The debate in the New York Times and Washington Post over President Donald Trump’s decision to withdraw from the Joint Comprehensive Plan of Action (JCPOA), better known as the Iran deal, revolves around which tactics America should use to dominate Iran.
At one end of the spectrum of acceptable opinion is the view that President Trump was correct to withdraw from the deal because it supposedly failed to handcuff Iran to a sufficient degree. At the other is the far more common perspective, which is that Trump should have remained in the deal because it is an effective tool for controlling Iran.
In the New York Times, Bret Stephens (5/8/18) argued that the agreement did not achieve what he thinks should be the goal of US policy towards Iran, namely:
to put Iran’s rulers to a fundamental choice. They can opt to have a functioning economy, free of sanctions and open to investment, at the price of permanently, verifiably and irreversibly forgoing a nuclear option and abandoning their support for terrorists. Or they can pursue their nuclear ambitions at the cost of economic ruin and possible war.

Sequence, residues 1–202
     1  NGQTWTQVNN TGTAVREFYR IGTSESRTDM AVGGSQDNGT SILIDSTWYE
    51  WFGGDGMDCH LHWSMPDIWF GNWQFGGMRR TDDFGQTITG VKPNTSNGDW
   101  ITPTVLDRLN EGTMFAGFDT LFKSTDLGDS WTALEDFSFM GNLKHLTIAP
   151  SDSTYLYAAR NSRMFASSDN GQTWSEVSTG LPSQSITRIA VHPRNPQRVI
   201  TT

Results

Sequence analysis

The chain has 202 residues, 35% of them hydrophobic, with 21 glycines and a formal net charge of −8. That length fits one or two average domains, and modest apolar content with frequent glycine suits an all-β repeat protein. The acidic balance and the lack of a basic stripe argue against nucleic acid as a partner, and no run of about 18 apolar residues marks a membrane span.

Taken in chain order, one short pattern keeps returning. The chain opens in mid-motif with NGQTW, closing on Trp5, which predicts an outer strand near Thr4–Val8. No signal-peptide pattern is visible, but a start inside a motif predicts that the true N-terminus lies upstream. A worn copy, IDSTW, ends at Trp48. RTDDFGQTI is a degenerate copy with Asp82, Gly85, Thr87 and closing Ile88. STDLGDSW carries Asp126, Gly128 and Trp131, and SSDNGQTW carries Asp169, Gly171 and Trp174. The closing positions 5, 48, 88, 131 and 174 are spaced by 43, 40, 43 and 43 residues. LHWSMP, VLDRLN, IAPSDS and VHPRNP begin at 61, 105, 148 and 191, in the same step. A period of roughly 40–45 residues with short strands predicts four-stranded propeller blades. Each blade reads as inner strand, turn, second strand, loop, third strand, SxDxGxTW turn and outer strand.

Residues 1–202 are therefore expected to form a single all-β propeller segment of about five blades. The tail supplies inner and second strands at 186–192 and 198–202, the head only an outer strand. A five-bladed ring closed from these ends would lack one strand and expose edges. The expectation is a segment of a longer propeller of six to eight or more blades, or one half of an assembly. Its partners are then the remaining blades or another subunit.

Ending American participation in the deal makes sense, according to Stephens, because doing so puts Washington in a better position to threaten to violently destroy Iran in order to make it do want the US government wants. What he means by “support for terrorists” is unclear and evidence-free.
The Washington Post (5/9/18) ran an incoherent piece by US national security advisor John Bolton saying that Trump needed to take the US out of the Iran deal because, since its implementation, Iran has not “focus[ed] on behaving responsibly.” In other words, he opposes the nuclear accord because Iran has proven itself too immature for the freedom from US control that Bolton wrongly suggests it is offered under the JCPOA.
Commentators who differed on Trump’s decision nevertheless shared the premise of those in favor of taking the US out of the deal, which is that Iran belongs under